manumission of his hundreds of slaves. Carter went to great lengths to send his sons away to
other states and did not allow them to visit the Carter family’s plantation, Nomini Hall, because
they would have their manners corrupted by being around slaves and masters. Carter gave his
sons financial help setting up other businesses so that they would not be dependent upon the
income derived from plantation slavery.
In August 1791, Carter sat down in the library of his plantation and wrote out a historic
document. It was a scheme to manumit fifteen of his slaves every January 1 according to
the slaves’ ages. Most importantly, he made it an ironclad and explicit freedom so that no
descendent could break or find a loophole to deny freedom to these people. On September
5, Carter traveled by wagon to the Northumberland courthouse to deliver his “Deed of Gift”
personally and presented it to be recorded as a legal document. He was divesting himself
of slaves, one of the greatest sources of his wealth, at great personal sacrifice. He thought
slavery was wrong and he acted on his beliefs.
In 1792, Carter, a man of integrity, followed through on his promise to his slaves. He freed
the first fifteen of his slaves. He offered the slaves wage contracts if they remained on his
plantations to work as free men. They were also offered the opportunity to lease land and own
private property for the first time. As a significant symbolic gesture, slaves who presented
themselves at the courthouse for their freedom ceremony were allowed to name themselves
rather than living with the name given to them by their master. Carter only broke with his “Deed
of Gift” in granting twenty-four slaves (nine more than stated in the deed) their freedom in
1792. Many stayed on Carter’s lands and worked as free men earning wages because of their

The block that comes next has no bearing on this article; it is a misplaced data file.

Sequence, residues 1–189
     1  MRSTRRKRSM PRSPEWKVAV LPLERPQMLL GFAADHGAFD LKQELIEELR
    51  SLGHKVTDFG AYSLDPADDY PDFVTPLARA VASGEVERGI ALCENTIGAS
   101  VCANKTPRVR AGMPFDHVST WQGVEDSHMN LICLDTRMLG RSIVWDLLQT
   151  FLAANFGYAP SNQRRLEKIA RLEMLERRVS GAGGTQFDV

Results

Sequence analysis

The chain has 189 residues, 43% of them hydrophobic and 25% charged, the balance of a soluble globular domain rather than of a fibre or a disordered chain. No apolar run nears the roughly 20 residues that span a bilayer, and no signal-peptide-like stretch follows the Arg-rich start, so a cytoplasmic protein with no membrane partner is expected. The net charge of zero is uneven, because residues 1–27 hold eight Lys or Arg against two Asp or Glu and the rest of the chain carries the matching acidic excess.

former master’s benevolence.
Carter continued freeing his slaves ahead of schedule and emancipated 57 slaves in 1793. In
May of that year, he moved away from his Virginia plantation to an urban dwelling in Baltimore
to distance himself from the stain of slavery. Carter moved to a mixed neighborhood of
whites and free blacks and attended church services with both races. Carter kept freeing his
slaves in droves, and, by 1797, he ceased owning other human beings. He spent the next few
years abiding by his promise to answer any request by his former slaves to confirm their free
status and ensure they were not re-enslaved by greedy whites. He died in 1804 with a clear
conscience that he was no longer a slaveholder and requested that he be given a simple berth
in an unmarked grave at Nomini Hall.
Robert Carter was a man of integrity who lived out his principles. The principles of the
American Revolution and his Baptist faith caused him to examine his life critically. Deciding
that slavery conflicted with those principles of liberty and equality, he made the move to free his slaves regardless of the significant personal cost. No other slaveholder in the United States
would release as many slaves as Robert Carter III when he manumitted 450 men, women, and
children in the early 1790s. Carter had always been reputed to have great integrity, but acting
on his principles even when it essentially ruined him financially was a great example of virtue
that few others would follow.